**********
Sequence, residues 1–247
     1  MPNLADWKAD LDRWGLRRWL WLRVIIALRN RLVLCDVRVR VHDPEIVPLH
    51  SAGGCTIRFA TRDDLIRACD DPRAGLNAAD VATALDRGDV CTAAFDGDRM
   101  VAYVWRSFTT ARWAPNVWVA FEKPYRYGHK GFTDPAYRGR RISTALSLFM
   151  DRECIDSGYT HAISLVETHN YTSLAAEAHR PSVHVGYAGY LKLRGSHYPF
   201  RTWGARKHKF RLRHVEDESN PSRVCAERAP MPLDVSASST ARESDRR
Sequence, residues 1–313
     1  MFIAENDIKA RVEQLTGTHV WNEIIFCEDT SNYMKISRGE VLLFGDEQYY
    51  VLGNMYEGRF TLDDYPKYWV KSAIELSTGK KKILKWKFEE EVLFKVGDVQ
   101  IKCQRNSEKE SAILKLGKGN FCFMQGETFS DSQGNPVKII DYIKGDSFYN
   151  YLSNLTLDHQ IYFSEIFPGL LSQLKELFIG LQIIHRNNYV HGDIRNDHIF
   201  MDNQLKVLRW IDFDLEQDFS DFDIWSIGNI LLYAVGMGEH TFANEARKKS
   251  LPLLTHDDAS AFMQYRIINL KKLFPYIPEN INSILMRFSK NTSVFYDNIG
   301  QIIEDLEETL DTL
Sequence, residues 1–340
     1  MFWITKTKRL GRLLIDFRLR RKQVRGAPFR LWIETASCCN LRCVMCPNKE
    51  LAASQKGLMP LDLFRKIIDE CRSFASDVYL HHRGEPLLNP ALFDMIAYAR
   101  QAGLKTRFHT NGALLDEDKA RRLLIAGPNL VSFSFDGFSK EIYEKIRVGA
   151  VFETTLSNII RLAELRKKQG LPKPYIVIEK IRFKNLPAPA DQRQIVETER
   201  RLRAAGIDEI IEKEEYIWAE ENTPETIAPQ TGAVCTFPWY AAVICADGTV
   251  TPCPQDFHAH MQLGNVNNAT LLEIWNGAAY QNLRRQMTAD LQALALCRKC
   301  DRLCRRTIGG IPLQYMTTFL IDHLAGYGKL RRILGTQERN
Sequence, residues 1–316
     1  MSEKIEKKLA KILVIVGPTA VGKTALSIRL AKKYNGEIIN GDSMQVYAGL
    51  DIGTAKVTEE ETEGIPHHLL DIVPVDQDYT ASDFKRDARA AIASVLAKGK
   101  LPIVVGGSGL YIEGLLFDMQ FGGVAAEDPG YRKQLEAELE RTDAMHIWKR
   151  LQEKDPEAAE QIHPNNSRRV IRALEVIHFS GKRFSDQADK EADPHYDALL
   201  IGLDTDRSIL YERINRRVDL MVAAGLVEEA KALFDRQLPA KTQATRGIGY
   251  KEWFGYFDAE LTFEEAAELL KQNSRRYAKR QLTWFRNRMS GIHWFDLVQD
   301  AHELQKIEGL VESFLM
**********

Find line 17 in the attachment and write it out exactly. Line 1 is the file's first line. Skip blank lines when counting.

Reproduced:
    51  LAASQKGLMP LDLFRKIIDE CRSFASDVYL HHRGEPLLNP ALFDMIAYAR